Warren Buffett has made billions betting on companies that others shun.
Now, in another seemingly contrarian move, the Oracle of Omaha is investing in auto dealerships, an industry under threat from online car buying services and changes in the driving habits of Americans.
Buffett's massive holding company, Berkshire Hathaway Inc., said Thursday that it is buying Van Tuyl Group, which bills itself as the nation's largest privately owned auto dealership. Its sales lots include locations in Cerritos and Mission Viejo.
The acquisition comes as the auto industry is undergoing a major transformation that may one day affect sales. Young adults summon rides from strangers with smartphones or rent a car for only a few hours. Companies are developing self-driving vehicles. And Palo Alto company Tesla Motors Inc. is trying to throw a wrench into the very dealership model Buffett seeks to buy by selling cars directly to consumers.
"We are on the brink of major changes in vehicles themselves and in vehicle ownership," said Michelle Krebs, senior analyst with AutoTrader.com. "That will change the retailing portion of the business."
But Buffett doesn't appear fazed. The investor told CNBC in an interview Thursday that he views Van Tuyl as a jumping-off point for more acquisitions.
"I fully expect we'll buy a lot more dealerships over time," he said in the interview. In a statement, he said, "This is just the beginning for Berkshire Hathaway Automotive."
Cathy Seifert, an equity analyst with S&P Capital IQ, said the Van Tuyl purchase is similar to Buffett's investments in real estate brokerages and newspapers. Like those purchases, Buffett aims to invest in mature industries in flux and use Berkshire's largesse to root out inefficiencies and boost profit.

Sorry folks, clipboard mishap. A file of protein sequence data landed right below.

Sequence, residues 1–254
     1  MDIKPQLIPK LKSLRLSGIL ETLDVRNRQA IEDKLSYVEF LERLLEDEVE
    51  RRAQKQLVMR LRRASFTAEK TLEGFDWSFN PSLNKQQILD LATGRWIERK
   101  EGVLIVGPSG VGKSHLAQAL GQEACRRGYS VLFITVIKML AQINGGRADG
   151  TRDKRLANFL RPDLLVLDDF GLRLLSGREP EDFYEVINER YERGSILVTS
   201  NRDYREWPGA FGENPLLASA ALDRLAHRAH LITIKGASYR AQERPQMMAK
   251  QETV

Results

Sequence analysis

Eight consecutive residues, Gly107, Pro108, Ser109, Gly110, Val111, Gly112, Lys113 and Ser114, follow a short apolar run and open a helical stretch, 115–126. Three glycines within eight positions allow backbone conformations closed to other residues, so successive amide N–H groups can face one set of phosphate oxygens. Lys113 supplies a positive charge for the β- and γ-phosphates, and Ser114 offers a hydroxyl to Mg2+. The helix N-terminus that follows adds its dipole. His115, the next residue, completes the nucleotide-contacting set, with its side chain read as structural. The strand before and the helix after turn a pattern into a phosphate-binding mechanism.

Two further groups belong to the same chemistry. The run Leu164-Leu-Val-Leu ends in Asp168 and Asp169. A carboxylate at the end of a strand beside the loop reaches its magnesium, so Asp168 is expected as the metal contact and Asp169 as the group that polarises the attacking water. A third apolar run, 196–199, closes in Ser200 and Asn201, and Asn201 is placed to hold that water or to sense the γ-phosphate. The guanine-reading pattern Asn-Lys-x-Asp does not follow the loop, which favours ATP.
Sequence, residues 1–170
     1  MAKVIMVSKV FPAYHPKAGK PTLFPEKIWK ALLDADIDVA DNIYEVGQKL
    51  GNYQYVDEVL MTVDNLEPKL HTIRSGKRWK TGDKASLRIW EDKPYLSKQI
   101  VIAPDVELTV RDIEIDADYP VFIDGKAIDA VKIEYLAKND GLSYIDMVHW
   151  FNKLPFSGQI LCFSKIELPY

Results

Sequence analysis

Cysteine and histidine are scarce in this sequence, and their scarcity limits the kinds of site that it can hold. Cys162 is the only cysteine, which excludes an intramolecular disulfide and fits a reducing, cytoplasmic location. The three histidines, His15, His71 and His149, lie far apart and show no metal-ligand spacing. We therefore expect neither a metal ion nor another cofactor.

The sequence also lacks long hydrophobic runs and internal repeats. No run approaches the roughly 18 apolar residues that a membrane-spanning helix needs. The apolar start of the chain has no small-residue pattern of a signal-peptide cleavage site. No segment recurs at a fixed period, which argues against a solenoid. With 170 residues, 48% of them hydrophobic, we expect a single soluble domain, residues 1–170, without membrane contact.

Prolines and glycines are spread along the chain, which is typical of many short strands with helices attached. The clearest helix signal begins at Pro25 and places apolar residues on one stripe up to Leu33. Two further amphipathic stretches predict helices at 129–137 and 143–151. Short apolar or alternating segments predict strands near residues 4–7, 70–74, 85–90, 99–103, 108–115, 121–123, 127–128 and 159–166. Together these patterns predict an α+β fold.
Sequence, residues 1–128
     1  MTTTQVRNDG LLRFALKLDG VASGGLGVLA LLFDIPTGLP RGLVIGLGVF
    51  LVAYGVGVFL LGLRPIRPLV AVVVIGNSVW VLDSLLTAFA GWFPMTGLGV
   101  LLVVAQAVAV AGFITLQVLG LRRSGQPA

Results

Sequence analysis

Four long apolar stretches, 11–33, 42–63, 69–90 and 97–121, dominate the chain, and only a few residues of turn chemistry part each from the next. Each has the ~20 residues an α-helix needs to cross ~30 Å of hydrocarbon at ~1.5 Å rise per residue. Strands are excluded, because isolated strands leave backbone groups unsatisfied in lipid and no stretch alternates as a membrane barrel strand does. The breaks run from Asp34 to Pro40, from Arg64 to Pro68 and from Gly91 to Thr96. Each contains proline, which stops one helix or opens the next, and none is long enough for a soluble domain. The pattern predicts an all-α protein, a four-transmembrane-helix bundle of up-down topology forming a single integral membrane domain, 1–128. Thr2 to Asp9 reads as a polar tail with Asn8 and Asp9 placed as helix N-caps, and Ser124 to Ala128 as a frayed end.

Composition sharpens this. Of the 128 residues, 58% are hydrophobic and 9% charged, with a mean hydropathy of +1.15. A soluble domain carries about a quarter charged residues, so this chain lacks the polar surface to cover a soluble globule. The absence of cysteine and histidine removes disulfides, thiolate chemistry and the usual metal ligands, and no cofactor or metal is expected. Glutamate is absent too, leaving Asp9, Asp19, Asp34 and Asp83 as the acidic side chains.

"It may not be the sexiest, it may not be the most cutting-edge, but [Van Tuyl] throws off cash, and brought under the Berkshire family of companies may be able to throw off more cash," Seifert said.
The Van Tuyl family got its start in the auto business in 1955 when Cecil Van Tuyl opened a single Chevrolet dealership in Kansas City, Mo. Now Van Tuyl, with roughly $8 billion in annual revenue, has 78 independently operated dealerships and more than 100 franchises across 10 states.
In many ways, the deal for Van Tuyl fits a larger trend of consolidation in the industry, analysts said.
The number of new-car dealers has plunged 18% over the last decade, according to the National Automobile Dealers Assn. Many smaller dealers sold out to large companies such as publicly traded AutoNation in the aftermath of the downturn, unable to sell enough vehicles in a low-margin business, said John Humphrey, senior vice president of the global automotive practice at J.D. Power & Associates.
But Humphrey called Buffett's move a "good investment," noting many dealers that remain are doing well.
Buffett said that the demand for cars is increasing and that he sees the dealership consolidation as good for his investment.
"The average dealership will do a lot more business than 30 or 40 years ago," he told CNBC.
According to the dealers association, the average dollar sales per new-car dealership is now higher than before the recession.
Berkshire Hathaway did not disclose a price for Van Tuyl. Larry Van Tuyl will step down as chief executive and assume the role of chairman.
Auto industry veteran Jeff Rachor, now with Van Tuyl, will become CEO.
Once the acquisition is completed early next year, the Phoenix company will be rebranded as Berkshire Hathaway Automotive and be based in Dallas.
Krebs of AutoTrader said that new models of dealerships probably will emerge, but that dealers have a future. Consumers, she said, still want to inspect, feel and test drive cars before making what is a significant investment.
Buffett's announcement Thursday, she said, only validates that.